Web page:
Lesson 3: Include Your Kids in Acts of Kindness for Others
When Abraham is preparing the lavish feast for his guests, he includes someone referred to as “the youth” who is tasked with preparing the meal. Who is this mystery character who is left unnamed in the narrative? The commentators inform us that this “youth” is actually Abraham’s son from his wife Hagar. At this point in their lives, Abraham and Sarah had become very wealthy and were surrounded by servants who were available to do their bidding. When it came to doing good deeds however they were careful to make sure that they were personally involved in the action and more importantly involved their kids too.
Lesson: Kids need to sometimes “get their hands dirty” when it comes to helping others. Giving charity is a good thing, but involving kids is even better, even if that means your child puts the coin in the charity box, or hands the quarter to the beggar themselves.
Lesson 4: Fight For Others – Not Just Yourself
Abraham and Sarah adopted Abraham’s nephew whose name was Lot, after Lot had lost his father. They felt the responsibility and the calling to bring up this young man in their own home. A war broke out near where Abraham and his family were residing which ended up with Lot and his possessions being kidnapped and stolen. Abraham leaps into action and deployed 318 troops to bring back Lot his nephew and restore his wealth. Abraham took on this risky mission in order to restore justice to his area and he personally did not benefit in any way from this war or the bounty that came with the enemies defeat.
Lesson: Sometimes those in your home or your community need help, even though they are not immediate family. Maybe there’s a problem with the school, or a lack of street signs, or a new neighbor is moving in. Children need to know that you don’t just care about them, but you also are concerned about those people who are not in your home or living under you roof.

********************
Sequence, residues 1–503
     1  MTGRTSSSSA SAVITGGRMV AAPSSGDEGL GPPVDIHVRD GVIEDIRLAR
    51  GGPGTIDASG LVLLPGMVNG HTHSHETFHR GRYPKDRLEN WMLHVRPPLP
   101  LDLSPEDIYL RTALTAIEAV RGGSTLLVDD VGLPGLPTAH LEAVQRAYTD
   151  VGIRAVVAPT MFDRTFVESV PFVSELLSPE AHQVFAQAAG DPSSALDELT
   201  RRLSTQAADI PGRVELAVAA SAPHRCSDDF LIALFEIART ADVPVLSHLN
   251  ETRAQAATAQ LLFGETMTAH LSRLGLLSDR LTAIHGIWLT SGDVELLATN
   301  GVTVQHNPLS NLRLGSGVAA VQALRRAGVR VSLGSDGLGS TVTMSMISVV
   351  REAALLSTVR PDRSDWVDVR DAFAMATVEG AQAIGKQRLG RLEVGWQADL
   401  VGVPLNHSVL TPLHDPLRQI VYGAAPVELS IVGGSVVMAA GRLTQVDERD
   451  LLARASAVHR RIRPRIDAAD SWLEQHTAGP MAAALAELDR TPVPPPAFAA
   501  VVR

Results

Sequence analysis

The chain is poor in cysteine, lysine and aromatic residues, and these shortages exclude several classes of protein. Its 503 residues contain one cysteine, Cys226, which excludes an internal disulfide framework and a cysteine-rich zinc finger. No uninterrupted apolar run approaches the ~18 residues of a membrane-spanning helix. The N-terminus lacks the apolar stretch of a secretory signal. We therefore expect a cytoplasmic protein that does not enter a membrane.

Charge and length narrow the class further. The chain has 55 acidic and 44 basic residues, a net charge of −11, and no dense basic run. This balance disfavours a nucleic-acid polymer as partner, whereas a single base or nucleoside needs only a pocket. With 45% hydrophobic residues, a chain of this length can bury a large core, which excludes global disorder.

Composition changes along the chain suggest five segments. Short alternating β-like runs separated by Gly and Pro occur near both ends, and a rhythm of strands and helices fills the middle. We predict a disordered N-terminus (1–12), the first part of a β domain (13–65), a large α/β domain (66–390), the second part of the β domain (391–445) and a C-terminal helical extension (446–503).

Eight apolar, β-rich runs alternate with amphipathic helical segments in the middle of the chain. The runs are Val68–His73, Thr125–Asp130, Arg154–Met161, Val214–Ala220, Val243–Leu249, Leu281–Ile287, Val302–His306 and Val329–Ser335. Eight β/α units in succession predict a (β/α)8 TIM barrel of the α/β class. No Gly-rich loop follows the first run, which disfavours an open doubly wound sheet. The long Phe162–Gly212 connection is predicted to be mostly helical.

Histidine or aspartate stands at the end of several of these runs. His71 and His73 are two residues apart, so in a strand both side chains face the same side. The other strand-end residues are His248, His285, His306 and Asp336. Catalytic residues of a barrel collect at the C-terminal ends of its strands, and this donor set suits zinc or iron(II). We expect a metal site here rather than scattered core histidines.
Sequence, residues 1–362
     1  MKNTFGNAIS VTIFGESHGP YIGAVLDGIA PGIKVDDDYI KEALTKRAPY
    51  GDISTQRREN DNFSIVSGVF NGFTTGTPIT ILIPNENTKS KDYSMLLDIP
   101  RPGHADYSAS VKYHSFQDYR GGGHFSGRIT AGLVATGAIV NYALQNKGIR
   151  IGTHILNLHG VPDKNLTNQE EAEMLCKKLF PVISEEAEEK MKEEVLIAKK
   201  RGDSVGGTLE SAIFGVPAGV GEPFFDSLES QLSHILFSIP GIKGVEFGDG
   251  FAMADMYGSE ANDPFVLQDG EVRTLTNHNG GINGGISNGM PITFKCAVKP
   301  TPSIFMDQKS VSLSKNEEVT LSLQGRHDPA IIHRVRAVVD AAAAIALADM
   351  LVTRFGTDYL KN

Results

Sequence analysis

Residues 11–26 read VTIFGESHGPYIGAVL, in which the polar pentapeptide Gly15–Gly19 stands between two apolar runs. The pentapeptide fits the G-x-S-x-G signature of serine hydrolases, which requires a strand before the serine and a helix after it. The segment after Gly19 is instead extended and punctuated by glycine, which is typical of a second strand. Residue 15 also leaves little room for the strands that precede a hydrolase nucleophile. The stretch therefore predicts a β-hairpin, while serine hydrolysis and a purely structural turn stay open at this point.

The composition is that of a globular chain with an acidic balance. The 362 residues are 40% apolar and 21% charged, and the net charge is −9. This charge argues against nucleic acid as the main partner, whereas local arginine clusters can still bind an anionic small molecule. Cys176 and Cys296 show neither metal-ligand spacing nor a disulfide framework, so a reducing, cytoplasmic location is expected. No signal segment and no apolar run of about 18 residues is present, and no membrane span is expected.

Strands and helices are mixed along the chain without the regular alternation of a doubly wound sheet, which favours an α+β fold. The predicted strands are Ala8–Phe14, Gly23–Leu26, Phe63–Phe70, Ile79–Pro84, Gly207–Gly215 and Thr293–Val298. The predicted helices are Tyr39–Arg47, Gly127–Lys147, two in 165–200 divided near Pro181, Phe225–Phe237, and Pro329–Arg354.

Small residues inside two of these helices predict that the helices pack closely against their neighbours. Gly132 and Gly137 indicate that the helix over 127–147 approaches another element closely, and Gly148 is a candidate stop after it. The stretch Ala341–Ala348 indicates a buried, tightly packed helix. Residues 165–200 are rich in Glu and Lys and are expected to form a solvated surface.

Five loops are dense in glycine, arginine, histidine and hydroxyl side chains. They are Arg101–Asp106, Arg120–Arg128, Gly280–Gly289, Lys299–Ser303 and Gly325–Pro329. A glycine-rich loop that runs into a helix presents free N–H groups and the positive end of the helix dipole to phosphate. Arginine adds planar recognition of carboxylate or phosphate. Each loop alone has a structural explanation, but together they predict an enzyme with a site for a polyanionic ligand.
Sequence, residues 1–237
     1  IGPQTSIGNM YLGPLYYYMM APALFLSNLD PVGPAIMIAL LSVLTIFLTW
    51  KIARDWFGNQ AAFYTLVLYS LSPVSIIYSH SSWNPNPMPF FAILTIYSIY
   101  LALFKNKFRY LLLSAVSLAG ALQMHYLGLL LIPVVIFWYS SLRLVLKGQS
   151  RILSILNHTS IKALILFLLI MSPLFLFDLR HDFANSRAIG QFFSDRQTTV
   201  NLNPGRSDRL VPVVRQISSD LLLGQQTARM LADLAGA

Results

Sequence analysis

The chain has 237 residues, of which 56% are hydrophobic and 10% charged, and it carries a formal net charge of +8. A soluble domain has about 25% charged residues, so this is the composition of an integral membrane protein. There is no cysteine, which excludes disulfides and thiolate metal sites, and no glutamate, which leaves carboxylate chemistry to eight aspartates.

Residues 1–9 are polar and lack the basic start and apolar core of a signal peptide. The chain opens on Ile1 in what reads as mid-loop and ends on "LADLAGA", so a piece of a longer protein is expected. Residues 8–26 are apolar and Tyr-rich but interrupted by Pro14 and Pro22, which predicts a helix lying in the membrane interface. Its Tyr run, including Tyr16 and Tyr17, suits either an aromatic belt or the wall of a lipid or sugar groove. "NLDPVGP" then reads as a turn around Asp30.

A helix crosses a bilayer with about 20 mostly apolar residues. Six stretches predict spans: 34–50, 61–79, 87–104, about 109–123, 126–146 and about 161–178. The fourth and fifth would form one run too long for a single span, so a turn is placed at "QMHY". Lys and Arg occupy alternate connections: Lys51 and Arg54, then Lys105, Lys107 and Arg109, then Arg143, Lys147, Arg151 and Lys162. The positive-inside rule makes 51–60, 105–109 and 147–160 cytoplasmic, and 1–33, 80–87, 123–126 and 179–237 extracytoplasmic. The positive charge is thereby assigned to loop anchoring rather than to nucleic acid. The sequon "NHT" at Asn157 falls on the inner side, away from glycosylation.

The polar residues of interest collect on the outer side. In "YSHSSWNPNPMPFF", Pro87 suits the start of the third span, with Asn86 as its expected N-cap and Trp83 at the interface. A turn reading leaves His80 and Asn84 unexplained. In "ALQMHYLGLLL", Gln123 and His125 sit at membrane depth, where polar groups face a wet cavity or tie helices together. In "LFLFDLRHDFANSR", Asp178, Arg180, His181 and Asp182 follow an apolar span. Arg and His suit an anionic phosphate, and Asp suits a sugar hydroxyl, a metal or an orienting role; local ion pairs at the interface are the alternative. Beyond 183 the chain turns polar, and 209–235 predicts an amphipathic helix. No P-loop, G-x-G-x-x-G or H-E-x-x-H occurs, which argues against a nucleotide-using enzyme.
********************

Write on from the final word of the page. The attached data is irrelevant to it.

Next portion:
Lesson 5: Laugh – About the Right Things
When Sarah was informed that in her old age she was about to become a mother for the first time, she laughed. However when God hears her laugh, he is disappointed in her for laughing, “Why is it that Sarah laughed…is their anything beyond God?” Later on after the birth of her son Isaac, Sarah laughs again this time saying “God has made laughter for me; whoever hears will make laughter for me”. What’s the difference between these two laughters? Why is Sarah reprimanded the first time she laughs, yet the second time she laughs is a cause of celebration? Laughter comes in two forms, cynical laughter and laughter of joy. When Sarah first heard the news of her pregnancy, and element of disbelief and cynicism entered her. Such laughter is destructive and doesn’t bring unity, but divisiveness. The other type of laughter is one of true joy and gratitude which can bring people together and create laughter for others too.
Lesson: Having an attitude when dealing with your kids of cynicism, eventually effects them to be cynical about life too. You can be disagree with others, and skeptical of people, without being cynical. But to “laugh” everything off as “impossible” “stupid” and “wrong” raises children with the same qualities or cynicism and disbelief in what they can achieve.